By Toby Zinman
For the Inquirer
Last month playwright Tom Stoppard, author of The Hard Problem, and David Chalmers, the philosopher who coined the phrase "The Hard Problem," appeared on the Wilma stage to discuss, muse upon, and debate the nature of consciousness. What, Stoppard wondered aloud, is the connection between consciousness and value, "undemonstrable, undefinable, but necessary value." Chalmers quipped that "consciousness is that annoying time between naps."
That heady night was followed by another heady night, the opening of The Hard Problem, directed by Blanka Zizka, one of Stoppard's foremost interpreters
The play asks hard questions: what's the difference between brains and minds? Can a computer think or is it just a fancy toaster? What is to be done with the sublime in a rational, material world? Is altruism possible or does all goodness spring from self-interest? Are human beings hard-wired for selfishness and only unselfish when we override our nature?
And answer came there none.
The excellent cast is tasked with delivering some very complex dialogue, since these characters are super-smart and are working on difficult philosophic problems. These American actors are further burdened with British accents and with speaking to a divided audience flanking the stage, and having to turn first left then right. This doesn't always work out so well, since there were moments when a crucial word was inaudible.
Hilary (Sarah Gliko), the central character, is a young scientist who believes that people can be good, and that there is a God to pray to; her nightly prayers are for her daughter, a baby she gave up for adoption when she was fifteen. The plot finally comes to rest on a "miracle," a "coincidence," one of those shameless conveniences of dramaturgy that makes the thematic point but seems too easy.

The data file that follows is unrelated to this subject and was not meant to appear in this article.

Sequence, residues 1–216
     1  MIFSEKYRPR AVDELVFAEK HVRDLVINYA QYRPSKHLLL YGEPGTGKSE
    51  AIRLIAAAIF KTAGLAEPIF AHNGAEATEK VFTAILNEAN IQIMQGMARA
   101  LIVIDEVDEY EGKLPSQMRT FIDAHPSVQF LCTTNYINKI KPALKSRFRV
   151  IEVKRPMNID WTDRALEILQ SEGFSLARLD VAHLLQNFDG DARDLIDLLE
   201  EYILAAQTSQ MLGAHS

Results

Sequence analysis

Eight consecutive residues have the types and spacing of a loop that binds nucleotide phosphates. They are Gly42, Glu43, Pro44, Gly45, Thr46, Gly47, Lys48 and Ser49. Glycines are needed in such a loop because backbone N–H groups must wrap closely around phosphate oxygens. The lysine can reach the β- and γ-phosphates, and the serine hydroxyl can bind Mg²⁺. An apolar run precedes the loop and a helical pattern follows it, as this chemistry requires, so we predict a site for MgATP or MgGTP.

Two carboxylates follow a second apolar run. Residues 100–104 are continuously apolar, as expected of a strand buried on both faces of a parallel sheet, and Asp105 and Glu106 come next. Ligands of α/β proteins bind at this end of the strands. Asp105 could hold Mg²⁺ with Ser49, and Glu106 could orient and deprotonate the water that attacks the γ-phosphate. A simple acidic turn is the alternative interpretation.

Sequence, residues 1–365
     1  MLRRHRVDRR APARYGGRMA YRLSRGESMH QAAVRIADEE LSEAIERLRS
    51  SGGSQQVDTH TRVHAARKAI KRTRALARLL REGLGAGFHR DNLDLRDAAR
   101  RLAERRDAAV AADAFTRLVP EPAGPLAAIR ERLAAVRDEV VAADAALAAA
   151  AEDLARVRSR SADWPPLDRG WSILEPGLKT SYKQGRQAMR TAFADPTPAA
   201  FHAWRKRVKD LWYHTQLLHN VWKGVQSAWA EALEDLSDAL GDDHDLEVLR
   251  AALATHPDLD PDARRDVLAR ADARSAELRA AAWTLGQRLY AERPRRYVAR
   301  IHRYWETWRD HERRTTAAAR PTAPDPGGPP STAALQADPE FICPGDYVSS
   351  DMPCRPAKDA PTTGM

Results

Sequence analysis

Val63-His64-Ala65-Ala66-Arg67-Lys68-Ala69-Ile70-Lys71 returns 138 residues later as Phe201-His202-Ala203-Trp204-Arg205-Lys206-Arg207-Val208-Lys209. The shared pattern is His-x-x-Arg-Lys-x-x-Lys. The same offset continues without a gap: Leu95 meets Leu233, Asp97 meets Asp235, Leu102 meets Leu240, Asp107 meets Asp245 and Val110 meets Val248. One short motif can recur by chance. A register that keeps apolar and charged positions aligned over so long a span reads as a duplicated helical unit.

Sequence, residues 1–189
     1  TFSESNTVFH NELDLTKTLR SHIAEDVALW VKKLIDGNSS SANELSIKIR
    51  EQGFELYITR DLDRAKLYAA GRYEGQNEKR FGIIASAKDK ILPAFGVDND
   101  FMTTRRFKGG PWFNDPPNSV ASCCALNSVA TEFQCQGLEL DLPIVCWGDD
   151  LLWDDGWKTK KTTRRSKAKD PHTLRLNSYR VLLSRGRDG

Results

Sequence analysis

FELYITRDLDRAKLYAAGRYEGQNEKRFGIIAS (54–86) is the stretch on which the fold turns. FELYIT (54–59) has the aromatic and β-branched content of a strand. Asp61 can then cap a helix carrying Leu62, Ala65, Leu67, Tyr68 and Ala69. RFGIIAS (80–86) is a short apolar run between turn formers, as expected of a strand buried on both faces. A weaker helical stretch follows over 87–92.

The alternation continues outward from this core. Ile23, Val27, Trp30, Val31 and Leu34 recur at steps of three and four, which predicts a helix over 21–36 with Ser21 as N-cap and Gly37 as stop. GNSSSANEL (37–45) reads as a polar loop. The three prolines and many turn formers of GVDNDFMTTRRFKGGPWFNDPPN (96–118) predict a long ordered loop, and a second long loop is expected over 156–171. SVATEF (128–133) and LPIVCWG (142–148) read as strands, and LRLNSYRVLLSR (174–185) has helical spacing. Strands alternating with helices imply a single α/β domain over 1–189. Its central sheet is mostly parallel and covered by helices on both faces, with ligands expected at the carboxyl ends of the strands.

Hilary is off-and-on sexually involved with Spike (Ross Beschler), an evo-bio type who is her mentor; she beats out Amal (Shravan Amin) for a job at the Krohl Institute for Brain Science where science and hedge funds meet. Jerry Krohl (Steven Richard) owns the place which is equipped with gyms as well as labs, and an old high school friend of Hilary's, Julia (Taysha Canales) teaches Pilates; her lover is another scientist, Ursula (Krista Apple-Hodge). Leo (Lindsay Smiling) runs Hilary's department, while Bo (Jeena Yi) is a young mathematician in love with Hilary. Gaby Bradbury makes a brief appearance as Jerry's daughter.
The austere white set, designed by Matt Saunders, and the evocative lighting designed by Thom Weaver, create atmospheres that shift between degrees of sterile. Michael Pedicin plays the sax during each scene change.
For Stoppard fans, The Hard Problem, his first play since Rock 'n' Roll, is not to be missed. It isn't as witty or as romantic as we have come to expect from his past work, but it has intellectual heft and grapples with big ideas as few plays do and as few playwrights can.